You have to wonder – my body clearly reacts to being poisoned but sweeteners such as Aspartame are in everything from chewing gum and Berocca to aspirin coating and toothpaste. Just stay away!

    J Munro wrote on September 23rd, 2014
    • I have a similar — but different — story. Without warning, my eyes would burn, which triggered tears. But the tears, rather than soothing the burn, only increased it, leading to more tears. After about five minutes, the tears would stop burning and the cycle would end. This would happen a couple of times a month. Very odd! Then, entirely by coincidence, I read that the new generation of artificial sweeteners had been known to cause xerophthalmia (dry eyes) in some people. Hmmm. I’d begun using Splenda in my morning coffee several months earlier. So I stopped putting anything in my coffee but a bit of cream. The dry-eye-thing stopped immediately and has never occurred again. I still drink my coffee with only a bit of cream.

      Helen Chicago wrote on September 23rd, 2014
  18. I love aspartame. The hardest thing about this whole Paleo plan is not having Diet Coke. This study makes sense but it also makes me sad.

    PixiePaperdoll wrote on September 23rd, 2014
    • From what I have read I have come to the conclusion that aspartame is bad for you. I find sweeteners taste awful if I consume them regularly. If you change your diet elsewhere, you may find you can taste better. Abel James talks about this subject.

      Kit wrote on September 23rd, 2014
    • Wow, I don’t understand what you like about aspartame. The time or two I tried it, I thought it tasted awful. It also gave me an immediate headache.

      True, Paleio is initially difficult for anyone with any kind of a food/drink addiction, but the “withdrawal” part is temporary. It only took me a few days to kick sugar addiction once I made up my mind to do so. As I see it, the downside of Paleo is minor but the payoff is huge.

      Shary wrote on September 24th, 2014
  19. I’ve come to rely on teeth cleaning (saliva producing) gum (Orbit, Trident, etc.) as an efficient solution to oral hygiene when I don’t have access to a toothbrush; this has got me wondering if I’m doing myself a net disservice here. Anyone know if the AS content in such gums is significant or have experience about this to share?

    Sean wrote on September 23rd, 2014
    • Sean,

      Most sugarless gum and oral health products are sweetened with xylitol. It is a naturally occurring non fermentable alcohol sugar so disaccharide consuming microbes cannot process it into food. I understand it actual has the effect of reducing the oral biome and helps to recalcify teeth? It is not a zero calorie product but it is supposedly safe for diabetics as it has a low glycemic index.

      Jack Lea Mason wrote on September 23rd, 2014
      • Thanks for this info, Jack! I’m trying to quit chewing gum, but I have had a chronic habit since I quit smoking 10 years ago. I still allow myself ONE piece of Trident per day because, well, I feel like my mouth needs it! But I’d prefer to get to the point where I don’t feel like I want/need it at all.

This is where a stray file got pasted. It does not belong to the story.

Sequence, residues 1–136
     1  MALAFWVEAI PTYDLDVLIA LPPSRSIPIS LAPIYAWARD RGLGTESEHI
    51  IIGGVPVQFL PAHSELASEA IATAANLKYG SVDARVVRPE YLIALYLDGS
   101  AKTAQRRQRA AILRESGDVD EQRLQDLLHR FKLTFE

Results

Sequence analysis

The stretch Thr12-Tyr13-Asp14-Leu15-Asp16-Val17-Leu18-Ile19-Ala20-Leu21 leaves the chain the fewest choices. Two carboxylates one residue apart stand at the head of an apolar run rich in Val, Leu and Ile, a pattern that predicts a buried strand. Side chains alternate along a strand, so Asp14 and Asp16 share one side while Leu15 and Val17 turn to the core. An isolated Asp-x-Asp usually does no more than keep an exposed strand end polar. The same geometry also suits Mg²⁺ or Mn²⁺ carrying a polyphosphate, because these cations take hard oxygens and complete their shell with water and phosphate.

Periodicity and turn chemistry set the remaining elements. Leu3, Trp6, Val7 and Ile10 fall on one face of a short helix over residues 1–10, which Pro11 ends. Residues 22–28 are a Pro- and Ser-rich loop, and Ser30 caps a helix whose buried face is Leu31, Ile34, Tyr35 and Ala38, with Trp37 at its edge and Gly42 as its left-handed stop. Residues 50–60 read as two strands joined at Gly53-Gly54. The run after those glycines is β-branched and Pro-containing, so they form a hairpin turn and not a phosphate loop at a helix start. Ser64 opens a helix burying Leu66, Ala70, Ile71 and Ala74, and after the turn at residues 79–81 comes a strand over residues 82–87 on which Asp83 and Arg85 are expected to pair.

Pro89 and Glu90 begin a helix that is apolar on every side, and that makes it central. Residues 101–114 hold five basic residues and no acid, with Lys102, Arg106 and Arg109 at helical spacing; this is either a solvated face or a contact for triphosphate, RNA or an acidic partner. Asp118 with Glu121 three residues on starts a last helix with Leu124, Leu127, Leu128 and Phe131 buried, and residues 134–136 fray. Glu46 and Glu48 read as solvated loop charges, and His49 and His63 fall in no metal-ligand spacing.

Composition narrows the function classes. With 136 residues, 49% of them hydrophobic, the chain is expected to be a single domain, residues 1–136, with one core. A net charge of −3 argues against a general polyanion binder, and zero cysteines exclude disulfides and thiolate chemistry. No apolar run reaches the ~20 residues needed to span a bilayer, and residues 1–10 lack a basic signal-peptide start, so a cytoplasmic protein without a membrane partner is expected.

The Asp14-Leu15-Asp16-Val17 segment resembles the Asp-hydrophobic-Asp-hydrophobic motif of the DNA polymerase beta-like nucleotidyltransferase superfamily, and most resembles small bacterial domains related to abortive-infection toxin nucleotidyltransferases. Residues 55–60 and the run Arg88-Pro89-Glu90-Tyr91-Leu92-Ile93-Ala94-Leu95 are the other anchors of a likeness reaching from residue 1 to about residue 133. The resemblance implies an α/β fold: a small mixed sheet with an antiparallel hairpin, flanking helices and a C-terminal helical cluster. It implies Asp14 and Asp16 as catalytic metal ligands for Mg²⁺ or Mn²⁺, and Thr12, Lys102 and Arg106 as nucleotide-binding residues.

Jane wrote on September 23rd, 2014
    • Chewing gum is probably harmless and might eliminate (disguise?) breath odor, but it isn’t going to remove anything lodged between the teeth or beneath the gum line. IMO, you might be better off just doing a good swish with plain water when brushing isn’t an option.

      Shary wrote on September 24th, 2014
  20. Great but scary stuff. Don’t forget about how methanol makes up part of aspartame and how it is oxidated into formaldehyde which can lead to lesions on the brain and also is a known carcinogen.

    This stuff is absolute poison to the point there is an actual Aspartame Toxicity Information Center! If you want to see shady politics at it’s best read the history of the approval of aspartame if you already haven’t.

    Jamie Logie wrote on September 23rd, 2014
    • Apparently it takes about 300 cans of diet soda to result in as much formaldehyde formation as from eating one tomato. Limit yourself to 100 cans a day and you should be ok. 😀

      Rick wrote on September 23rd, 2014
    • You are so right about the politics of aspartame. Here is a link showing the timeline of its approval. One of the players involved in getting it approved should be very familiar.

      http://www.rense.com/general33/legal.htm

      jeff wrote on September 23rd, 2014
      • Hey Jeff, definitely feels like something out of a Michael Moore documentary. Im real familiar with that timeline now and covered it in my blog about aspartame. Another great bit are the pictures of Rumsfeld and Hull jr riding on the private plane of Hershey and General Foods, the first big purchaser of aspartame…

        Jamie Logie wrote on September 23rd, 2014
  21. I think artificial sweeteners are the absolute worst, for so many reasons. Physically and mentally I think they only do harm.

    Michele wrote on September 23rd, 2014